As they compete over their cloud services for healthcare, Google and Amazon are both touting a feature to help health systems and biotech companies aggregate disparate data.
On Thursday, Google announced it had developed a Healthcare Data Engine to help healthcare companies aggregate data from medical records, claims, clinical trials and research. By bringing this information together in a standardized format, it would be easier for healthcare companies to run analytics on this data and develop machine learning tools.
The Healthcare Data Engine stores patient data in a FHIR format, a standard backed by interoperability rules. Google developed it based on its work with Mayo Clinic, which struck a 10-year partnership with Google earlier this year in hopes of creating an “AI factory.”
Jim Buntrock, Mayo Clinic’s vice chair of information technology, said in a news release that the health system used Google’s cloud services to build a ‘heads up display’ for the ICU and help care teams focus their attention where it’s needed most. Indiana University Health is also using Google’s Healthcare Data Engine.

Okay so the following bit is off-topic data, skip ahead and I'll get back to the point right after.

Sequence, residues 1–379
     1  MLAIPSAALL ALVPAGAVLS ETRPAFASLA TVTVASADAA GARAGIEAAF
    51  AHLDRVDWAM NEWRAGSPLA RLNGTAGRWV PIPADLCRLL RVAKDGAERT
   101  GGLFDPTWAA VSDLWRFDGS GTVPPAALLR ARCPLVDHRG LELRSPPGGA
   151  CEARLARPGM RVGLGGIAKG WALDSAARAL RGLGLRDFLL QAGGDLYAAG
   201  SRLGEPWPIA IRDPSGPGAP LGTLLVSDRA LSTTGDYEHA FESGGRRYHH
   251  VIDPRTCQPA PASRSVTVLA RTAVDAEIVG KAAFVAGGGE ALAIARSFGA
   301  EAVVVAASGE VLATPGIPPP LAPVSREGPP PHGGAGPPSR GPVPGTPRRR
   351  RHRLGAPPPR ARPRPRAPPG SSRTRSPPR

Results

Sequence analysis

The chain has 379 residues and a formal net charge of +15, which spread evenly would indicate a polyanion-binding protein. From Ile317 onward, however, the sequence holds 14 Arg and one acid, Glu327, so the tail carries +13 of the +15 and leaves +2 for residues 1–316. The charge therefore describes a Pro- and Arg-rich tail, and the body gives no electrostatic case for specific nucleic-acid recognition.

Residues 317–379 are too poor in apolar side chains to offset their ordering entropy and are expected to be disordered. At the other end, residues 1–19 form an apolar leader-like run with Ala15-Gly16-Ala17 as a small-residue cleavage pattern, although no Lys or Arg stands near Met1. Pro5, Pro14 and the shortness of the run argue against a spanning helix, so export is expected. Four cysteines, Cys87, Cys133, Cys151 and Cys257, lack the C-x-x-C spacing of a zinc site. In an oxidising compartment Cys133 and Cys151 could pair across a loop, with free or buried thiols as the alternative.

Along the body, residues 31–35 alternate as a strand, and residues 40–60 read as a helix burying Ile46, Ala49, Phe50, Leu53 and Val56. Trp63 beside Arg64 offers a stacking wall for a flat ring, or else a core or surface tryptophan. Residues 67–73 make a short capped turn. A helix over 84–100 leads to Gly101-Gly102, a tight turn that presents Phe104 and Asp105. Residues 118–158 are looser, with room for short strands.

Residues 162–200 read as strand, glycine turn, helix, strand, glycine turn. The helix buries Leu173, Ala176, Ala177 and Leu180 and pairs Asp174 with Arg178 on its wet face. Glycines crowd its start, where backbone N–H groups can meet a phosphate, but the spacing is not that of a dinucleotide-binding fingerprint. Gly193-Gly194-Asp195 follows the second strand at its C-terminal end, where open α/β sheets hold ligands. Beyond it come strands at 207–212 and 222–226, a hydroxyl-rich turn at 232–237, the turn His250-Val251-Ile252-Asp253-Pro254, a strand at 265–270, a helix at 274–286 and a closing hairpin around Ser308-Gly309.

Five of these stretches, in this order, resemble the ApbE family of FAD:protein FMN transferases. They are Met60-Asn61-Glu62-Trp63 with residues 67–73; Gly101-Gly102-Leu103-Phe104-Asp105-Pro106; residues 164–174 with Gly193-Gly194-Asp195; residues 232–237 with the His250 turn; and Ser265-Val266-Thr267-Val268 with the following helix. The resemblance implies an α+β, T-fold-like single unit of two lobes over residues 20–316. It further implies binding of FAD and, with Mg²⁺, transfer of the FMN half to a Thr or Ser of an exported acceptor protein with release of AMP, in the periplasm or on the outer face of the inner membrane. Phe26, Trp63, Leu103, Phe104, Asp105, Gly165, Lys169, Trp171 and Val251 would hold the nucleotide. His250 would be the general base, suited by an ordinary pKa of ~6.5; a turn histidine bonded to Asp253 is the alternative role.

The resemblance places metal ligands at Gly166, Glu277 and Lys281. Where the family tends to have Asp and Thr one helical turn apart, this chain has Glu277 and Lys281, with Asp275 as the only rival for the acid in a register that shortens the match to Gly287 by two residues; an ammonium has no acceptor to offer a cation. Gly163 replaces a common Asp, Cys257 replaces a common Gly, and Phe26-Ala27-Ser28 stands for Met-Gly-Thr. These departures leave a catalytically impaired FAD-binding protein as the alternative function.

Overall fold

Months earlier, Amazon had announced a similar feature, called Amazon HealthLake. Just days before Google’s announcement, the company said it would make the service generally available, noting it had brought on Rush University Medical Center and Cortica as users.
Meanwhile, Google’s Healthcare Data Engine feature is available through private preview, which means it’s ready for testing by customers, but not yet supported. Google didn’t share a timeline for when it would become more widely available.
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